Resolute Freeman puts first homer in books

Resolute Freeman puts first homer in books

ATLANTA -- It did not take Freddie Freeman long to remind Braves manager Fredi Gonzalez that it will not be easy for him to follow through with his plan to provide his valuable first baseman some occasional opportunities to rest during the course of the season.

Freeman further quieted concerns about his previously-injured right wrist and also seemed unbothered by the unfamiliarity he had with Max Scherzer before homering in his first career plate appearance against the heralded right-hander during the first inning of Monday's 4-3, 10-inning loss to the Nationals at Turner Field.

"You always want to get the first hit out of the way, and for it to come that way, it's pretty cool," Freeman said. "But after you play a great ballgame for eight innings and then kind of let that one get away, it's a tough one to swallow."

Freeman had never even faced Scherzer in a Spring Training game before he drilled the first-inning solo shot over the center-field fence to erase the 1-0 lead the Nationals had gained courtesy of Bryce Harper's solo homer in the top half of the inning off Julio Teheran.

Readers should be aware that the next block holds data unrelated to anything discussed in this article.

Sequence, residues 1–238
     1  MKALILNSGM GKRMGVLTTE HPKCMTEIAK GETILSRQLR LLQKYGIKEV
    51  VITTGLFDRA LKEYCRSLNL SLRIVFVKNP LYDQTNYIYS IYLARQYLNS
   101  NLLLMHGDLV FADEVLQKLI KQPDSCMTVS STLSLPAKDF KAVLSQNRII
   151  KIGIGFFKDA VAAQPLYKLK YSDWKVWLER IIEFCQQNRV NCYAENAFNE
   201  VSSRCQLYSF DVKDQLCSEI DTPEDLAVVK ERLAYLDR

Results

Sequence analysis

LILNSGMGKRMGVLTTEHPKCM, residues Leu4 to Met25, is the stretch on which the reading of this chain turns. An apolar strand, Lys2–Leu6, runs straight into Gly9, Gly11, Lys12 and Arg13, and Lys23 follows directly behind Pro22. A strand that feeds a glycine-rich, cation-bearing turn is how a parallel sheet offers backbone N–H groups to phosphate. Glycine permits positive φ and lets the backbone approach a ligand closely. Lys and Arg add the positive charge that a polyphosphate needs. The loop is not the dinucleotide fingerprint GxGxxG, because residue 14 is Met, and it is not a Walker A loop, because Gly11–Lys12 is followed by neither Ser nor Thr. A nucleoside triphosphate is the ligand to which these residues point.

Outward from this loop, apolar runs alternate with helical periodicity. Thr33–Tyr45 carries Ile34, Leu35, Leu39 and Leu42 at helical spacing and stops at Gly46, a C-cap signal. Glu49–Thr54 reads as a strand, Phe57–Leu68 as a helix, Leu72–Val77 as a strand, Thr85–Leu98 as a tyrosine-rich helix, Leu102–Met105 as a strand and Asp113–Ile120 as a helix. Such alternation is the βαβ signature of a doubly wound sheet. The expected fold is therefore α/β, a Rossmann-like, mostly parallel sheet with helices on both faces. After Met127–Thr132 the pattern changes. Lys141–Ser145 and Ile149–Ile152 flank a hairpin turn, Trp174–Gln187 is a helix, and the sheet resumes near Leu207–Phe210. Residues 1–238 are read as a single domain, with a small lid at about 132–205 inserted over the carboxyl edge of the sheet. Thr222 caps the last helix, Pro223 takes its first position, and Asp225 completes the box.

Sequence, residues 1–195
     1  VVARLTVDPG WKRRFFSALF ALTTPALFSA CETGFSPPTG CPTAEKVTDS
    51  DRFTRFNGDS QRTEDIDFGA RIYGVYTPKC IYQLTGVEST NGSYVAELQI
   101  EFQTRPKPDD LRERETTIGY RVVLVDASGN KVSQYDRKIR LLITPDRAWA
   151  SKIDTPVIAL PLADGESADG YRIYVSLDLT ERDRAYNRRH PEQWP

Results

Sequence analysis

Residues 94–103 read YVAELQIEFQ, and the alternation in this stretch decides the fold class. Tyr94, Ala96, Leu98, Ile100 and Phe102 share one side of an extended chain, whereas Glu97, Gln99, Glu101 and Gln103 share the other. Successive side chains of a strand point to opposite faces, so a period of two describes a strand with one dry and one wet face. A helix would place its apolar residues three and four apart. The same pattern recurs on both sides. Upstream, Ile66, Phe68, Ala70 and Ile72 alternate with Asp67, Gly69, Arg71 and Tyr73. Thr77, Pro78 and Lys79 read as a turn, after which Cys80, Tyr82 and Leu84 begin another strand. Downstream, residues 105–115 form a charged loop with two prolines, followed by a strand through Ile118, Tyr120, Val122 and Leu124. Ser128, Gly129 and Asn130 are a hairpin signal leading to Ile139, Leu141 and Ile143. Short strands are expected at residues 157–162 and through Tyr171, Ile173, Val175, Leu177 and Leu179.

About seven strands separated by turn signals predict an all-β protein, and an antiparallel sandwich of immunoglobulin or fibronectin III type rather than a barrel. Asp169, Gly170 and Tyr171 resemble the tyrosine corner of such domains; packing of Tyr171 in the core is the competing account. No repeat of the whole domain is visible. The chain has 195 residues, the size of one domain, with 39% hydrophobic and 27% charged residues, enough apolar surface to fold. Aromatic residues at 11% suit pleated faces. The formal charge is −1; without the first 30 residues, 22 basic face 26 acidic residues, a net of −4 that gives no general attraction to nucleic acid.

Freeman gets hit by a pitch

After spending the past few weeks proving he is no longer bothered by the right wrist ailment that derailed him most of last season's final four months, Freeman experienced a brief scare when he was hit on the left elbow by a Felipe Rivero pitch in the eighth inning.

Freeman showed no signs of discomfort after the game and vowed to be back in the lineup again on Wednesday night, when the Braves and Nationals conclude their two-game series.

Before Monday's game, Freeman was asked what he thought about Gonzalez's plan to occasionally rest him during the season. He responded by making it clear that he wants to get back to the daily action he experienced while playing in a Major League high 243 consecutive games before the wrist injury sidelined him last year.

"He can ask all he wants, I'm not coming out," Freeman said. "He's going to have to force me out of the lineup, because my goal every year is to play [162] games."

Mark Bowman is a reporter for MLB.com. This story was not subject to the approval of Major League Baseball or its clubs.